Government Letter says Theranos Lab Poses ‘Immediate Jeopardy to Patient Safety’

Specifically, the document cites problems with the laboratory director, the technical supervisor, hematology, and the lab’s analytic systems during an inspection completed in December. CMS has not released the laboratory inspection report that led to this letter, so the details of these infractions remain unclear. But the level assigned to these determinations — “Condition-level deficiencies” — are among the most serious that CMS can make. They mean that Theranos’ Newark lab was found to be in violation of accepted professional standards. CMS declined to comment on the letter.

If Theranos doesn’t take immediate action, the lab could lose its certification, which which would bar the lab from performing testing. CMS may also decide to cancel that lab’s approval for Medicare payments or fine the lab up to $10,000 per day.

In an email, Theranos told The Verge that the inspection of the Newark lab “began months ago and does not reflect the current state of the lab.” Theranos further explained that CMS found a number of deficiencies, including one finding at the “immediate jeopardy” level, based on a condition-level deficiency in hematology. “To be clear, that finding does not apply to the whole lab, and none of these findings relate to our Arizona lab, where we currently process over 90 percent of our tests.”

Theranos, a company that’s been valued at $9 billion, has been under fire since an October Wall Street Journal expose around the fact that the company’s much touted inventions — including the now-famous Edison blood analyzer, as well as the Nanotainer, a blood collection device — were only used on a small number of tests sold to patients. Then, in December, a follow-up report said that Theranos had actively hidden its proprietary technology from lab inspectors during previous inspections, opting only to show its commercial machines to regulators.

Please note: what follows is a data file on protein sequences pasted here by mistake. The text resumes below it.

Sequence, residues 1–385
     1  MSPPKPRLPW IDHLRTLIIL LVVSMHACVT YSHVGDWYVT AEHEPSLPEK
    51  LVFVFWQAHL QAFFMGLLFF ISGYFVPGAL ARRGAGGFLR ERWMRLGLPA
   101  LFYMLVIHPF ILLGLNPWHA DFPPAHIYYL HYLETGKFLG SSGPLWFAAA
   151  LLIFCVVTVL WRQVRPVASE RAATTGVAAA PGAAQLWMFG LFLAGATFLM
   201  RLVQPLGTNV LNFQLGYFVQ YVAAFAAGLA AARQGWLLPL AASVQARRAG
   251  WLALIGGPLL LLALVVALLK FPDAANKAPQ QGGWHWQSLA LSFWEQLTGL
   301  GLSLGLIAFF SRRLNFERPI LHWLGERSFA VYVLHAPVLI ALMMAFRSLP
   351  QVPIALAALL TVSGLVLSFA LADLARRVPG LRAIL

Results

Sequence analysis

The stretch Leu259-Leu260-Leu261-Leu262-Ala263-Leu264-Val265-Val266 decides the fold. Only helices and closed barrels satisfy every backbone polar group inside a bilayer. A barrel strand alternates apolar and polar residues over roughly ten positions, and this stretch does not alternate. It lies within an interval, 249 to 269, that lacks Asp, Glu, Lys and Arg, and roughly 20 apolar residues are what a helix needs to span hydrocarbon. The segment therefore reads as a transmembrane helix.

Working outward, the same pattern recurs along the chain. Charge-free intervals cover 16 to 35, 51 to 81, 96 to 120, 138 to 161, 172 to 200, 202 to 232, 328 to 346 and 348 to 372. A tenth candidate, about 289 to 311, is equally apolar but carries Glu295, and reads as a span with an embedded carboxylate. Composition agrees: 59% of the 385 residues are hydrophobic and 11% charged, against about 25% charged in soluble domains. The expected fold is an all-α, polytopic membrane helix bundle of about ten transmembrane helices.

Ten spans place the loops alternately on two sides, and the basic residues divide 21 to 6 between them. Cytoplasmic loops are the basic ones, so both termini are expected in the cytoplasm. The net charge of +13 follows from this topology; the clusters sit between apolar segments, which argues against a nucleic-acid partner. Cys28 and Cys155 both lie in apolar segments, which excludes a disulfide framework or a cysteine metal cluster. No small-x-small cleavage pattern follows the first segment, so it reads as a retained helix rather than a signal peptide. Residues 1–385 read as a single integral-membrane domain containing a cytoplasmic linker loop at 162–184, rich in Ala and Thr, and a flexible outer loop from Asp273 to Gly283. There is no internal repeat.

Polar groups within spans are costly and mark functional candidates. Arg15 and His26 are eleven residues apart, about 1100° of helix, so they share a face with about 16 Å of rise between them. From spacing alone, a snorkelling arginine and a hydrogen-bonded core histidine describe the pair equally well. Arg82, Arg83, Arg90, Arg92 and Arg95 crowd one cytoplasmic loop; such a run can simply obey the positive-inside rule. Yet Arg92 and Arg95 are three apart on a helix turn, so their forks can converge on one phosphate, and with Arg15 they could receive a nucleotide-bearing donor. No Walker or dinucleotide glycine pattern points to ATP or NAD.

Days later, an investigation by The Verge revealed that federal officials inspected Theranos’ inventions for the first time in August 2015 — almost two years after Theranos first started testing patients commercially — during a surprise inspection by the FDA. The deficiencies cited by CMS today represent the most serious actions taken by the federal government against the company thus far.

This isn’t Theranos’ first run-in with CMS, the federal agency that’s responsible for making sure that Theranos tests and technologies function properly. In December 2013, a lab inspector found that the lab didn’t meet the required standards for at least 10 different blood tests.

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